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I am puzzled by this thread. I understand the point that no-one puts this on their export files. This could be implemented outside an import context though. I have my own animation system, mostly build right into my base Mesh class. I interpolate everything right in JS, except base finger bone matrices. Importing animation is stupid, IMO.

I also did some minor stealing of all those methods BJS uses to smooth out in-between animations, Easing, and made each of them one of my own Pace sub-classes with only minor arg switches (maybe cannot remember back to 2014).

Here is one which looks to me could be fashioned to work without the framework adding anything.

export class BezierCurvePace extends Pace {
    constructor(public x1: number= 0, public y1: number= 0, public x2: number= 1, public y2: number= 1, mode = Pace.MODE_IN) {

    /** @override */
    protected _compute(currentDurationRatio : number): number {
        return BABYLON.BezierCurve.Interpolate(currentDurationRatio, this.x1, this.y1, this.x2, this.y2);

    public getClassName(): string { return "BezierCurvePace"; }

Just call BABYLON.BezierCurve.Interpolate() somewhere.

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@Evgeni_Popov I apologize for not understanding the exact context of the conversation.

@Deltakosh First, I’ll create an implementation via function override in my project, and if it looks good, I’ll create a PR in babylon.js.

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Some skilled animators fully utilize interpolation curves to create a great look with minimal keyframes.

It’s hard to put into words, but the feel of these animations depends a lot on being able to get the tangent data intact.

I am not opposed to it as long as there are some easy way to export/import it. If not it becomes a feature only for your local system and in this case I would be more open to allow any kind of interpolation from external code. By this I mean you could provide the framework with what you are currently overriding. And when this gets more traction/tooling we can easily integrate back your overrides in the code.

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I’ve thought about having babylon.js provide an interface to allow users to implement custom interpolations themselves.

However, it seems difficult for the Animation Curve Editor to provide a UI for custom interpolation, so it seems better to embed bezier in babylon.js to support full functionality.

Which implementation do you think would be better?

Totally agree it might be hard for full edit support in Babylon.

Let s add @PatrickRyan to see what he thinks.

@noname0310 and @sebavan unless I am totally missing something in the context of this thread, don’t we already support cubic bezier interpolation? Advanced Animation Methods | Babylon.js Documentation

I typically fall into the camp of needing to import animations through glTF so while I am authoring animation with cubic bezier in Maya, I typically have to bake my animation frames to keep the authored intention of the animation as passing through our exporter to glTF I tend to have not-great interpretation of the timeline. I get that in a super long animation baking frames can become very heavy in terms of file size, but this is the current limitation of glTF and so I need to make that tradeoff.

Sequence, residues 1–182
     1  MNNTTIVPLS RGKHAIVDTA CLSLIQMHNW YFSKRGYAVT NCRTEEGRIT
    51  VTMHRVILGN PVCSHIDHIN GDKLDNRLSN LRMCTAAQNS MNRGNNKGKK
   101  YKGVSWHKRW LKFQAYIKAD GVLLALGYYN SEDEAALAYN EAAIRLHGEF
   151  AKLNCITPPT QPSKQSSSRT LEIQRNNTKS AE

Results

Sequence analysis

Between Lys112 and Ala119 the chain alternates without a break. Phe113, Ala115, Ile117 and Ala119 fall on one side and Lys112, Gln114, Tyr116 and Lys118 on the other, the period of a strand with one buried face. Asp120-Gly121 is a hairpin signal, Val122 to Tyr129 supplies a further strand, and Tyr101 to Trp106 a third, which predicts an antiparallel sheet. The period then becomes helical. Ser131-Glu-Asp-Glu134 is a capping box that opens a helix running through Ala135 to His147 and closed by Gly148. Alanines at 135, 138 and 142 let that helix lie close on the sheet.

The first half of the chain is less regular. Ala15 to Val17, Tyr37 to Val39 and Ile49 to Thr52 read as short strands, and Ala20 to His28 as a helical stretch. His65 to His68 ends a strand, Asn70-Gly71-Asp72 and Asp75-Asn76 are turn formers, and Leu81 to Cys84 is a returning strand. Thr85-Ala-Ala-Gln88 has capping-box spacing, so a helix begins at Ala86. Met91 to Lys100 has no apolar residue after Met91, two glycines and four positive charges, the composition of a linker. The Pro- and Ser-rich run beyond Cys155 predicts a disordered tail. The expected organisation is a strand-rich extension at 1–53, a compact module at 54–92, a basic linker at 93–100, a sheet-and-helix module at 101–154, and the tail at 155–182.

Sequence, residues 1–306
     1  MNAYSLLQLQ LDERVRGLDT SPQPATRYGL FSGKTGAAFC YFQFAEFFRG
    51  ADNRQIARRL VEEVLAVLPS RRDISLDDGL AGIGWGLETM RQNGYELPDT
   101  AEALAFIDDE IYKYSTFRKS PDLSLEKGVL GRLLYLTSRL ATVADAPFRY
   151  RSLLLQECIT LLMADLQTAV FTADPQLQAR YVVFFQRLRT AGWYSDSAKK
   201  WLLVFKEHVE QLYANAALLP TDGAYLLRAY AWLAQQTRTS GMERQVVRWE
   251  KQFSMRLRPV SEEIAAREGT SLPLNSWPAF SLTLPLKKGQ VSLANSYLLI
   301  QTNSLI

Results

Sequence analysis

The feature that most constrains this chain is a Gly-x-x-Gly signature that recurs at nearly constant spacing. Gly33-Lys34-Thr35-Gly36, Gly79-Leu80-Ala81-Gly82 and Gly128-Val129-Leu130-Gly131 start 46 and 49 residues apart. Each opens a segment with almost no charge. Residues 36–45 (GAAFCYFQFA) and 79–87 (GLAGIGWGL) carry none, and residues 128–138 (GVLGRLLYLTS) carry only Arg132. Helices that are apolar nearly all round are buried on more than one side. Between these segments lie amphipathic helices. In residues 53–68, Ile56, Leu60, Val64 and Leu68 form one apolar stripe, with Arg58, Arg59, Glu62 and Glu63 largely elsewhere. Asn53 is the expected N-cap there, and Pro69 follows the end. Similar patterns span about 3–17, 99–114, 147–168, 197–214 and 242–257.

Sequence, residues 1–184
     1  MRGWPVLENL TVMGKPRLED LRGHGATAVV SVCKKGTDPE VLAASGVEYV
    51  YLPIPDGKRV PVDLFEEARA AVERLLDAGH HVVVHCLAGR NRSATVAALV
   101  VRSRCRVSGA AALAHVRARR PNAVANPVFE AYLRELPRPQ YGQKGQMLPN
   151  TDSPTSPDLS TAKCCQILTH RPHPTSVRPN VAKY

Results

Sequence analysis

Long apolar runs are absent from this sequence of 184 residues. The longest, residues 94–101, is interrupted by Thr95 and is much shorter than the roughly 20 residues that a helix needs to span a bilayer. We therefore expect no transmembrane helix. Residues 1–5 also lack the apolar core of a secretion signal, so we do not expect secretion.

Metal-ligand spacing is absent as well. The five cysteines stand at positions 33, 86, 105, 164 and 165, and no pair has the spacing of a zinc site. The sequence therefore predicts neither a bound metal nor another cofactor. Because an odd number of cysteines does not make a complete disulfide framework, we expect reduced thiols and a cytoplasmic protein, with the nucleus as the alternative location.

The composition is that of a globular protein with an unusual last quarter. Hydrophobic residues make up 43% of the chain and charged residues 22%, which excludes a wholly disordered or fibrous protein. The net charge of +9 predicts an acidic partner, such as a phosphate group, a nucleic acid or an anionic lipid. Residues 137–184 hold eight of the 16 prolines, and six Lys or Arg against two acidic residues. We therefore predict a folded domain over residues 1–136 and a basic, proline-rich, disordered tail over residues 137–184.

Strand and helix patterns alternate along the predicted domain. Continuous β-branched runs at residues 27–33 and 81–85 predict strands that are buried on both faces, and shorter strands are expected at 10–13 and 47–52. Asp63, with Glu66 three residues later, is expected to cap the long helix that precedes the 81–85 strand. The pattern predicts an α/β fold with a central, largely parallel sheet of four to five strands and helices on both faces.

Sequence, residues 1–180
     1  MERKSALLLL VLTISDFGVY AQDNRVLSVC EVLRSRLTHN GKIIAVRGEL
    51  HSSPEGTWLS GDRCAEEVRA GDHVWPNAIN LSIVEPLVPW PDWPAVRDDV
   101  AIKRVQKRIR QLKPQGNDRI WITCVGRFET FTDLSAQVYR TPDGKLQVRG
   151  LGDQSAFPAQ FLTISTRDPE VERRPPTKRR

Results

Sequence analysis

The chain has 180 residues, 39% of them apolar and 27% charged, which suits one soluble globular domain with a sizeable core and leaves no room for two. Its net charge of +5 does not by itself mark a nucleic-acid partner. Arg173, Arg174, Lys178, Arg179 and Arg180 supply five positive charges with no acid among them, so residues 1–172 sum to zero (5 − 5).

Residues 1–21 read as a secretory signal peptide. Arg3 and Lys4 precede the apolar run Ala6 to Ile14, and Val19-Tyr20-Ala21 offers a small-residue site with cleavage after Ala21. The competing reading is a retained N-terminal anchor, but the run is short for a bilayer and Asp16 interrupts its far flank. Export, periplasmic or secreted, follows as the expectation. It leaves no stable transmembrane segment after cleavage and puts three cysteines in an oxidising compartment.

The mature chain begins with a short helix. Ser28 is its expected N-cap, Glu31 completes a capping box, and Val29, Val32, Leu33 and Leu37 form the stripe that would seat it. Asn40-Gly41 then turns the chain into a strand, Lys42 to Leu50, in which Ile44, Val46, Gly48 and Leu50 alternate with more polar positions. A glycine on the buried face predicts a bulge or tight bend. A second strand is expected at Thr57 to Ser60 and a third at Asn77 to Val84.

Idk jack about artist workflow, but it seems like a viable use case to have a gltf extension for it if you and the op are both having problems. I mean, Isnt gltf just a json file that can be arbitrarily extended?
Ie: vrmc

Or this project with several gltf extension transforms

Or even the babylon extension supporting microsofts rigid body spec (plus the ones already in the gltf loader)

Maybe its a chicken and egg problem, bc dcc tools wont export if no consumers and no consumer going to account for it when parsing to scene format if noone exporting it.


Still, i think just leaving the spec’d gltf animation field null and putting a new arbitrary field is fair game

@PatrickRyan Animation.setEasingFunction applies a specific easing function to every keyframe, and if you apply a bezier to it, you can perform the bezier with a fixed tangent parameter for every frame.

The cubic bezier interpolation support here means that each keyframe can have a 2D vector as its tangent value, allowing for different shapes of bezier interpolation for each keyframe.

I think a glTF extension would be best, but it would have to be an official extension, otherwise it won’t be implemented by the DCC tools. And if it’s not supported by the DCC tools, there won’t be an easy way to generate content using it…

I’m late to the party, but I’m not sure I’m following the thread well.

Babylon.js supports cubic spline interpolation in Hermite form. This form is more or less interchangeable with Bezier because it is easy to convert between the two forms.

According to wikipedia:

Cubic polynomial splines can be specified in other ways, the Bezier cubic being the most common. However, these two methods provide the same set of splines, and data can be easily converted between the Bézier and Hermite forms; so the names are often used as if they were synonymous.

Regardless of which form the cubic spline takes in the code / serialized data, the editing of the spline is the same in the UI and depends on the user experience.

glTF is not required to store 1/3 tangent lengths. I’m not sure where the information from the answer comes from.

Given what I said, I can’t see a reason why we need another form to store cubic splines in a glTF extension. glTF tries to store only one way to make it easier on the runtime to load.

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cubic hermite and bezier are interchangeable, but this is only possible when the cubic hermite is a weighted tangent. Currently, the cubic hermite interpolation in babylon.js does not support taking the weight (a.k.a. length of vector) of a tangent.

I don’t think there’s any real difference in functionality between handling beziers or supporting hermite interpolation for weighted tangents.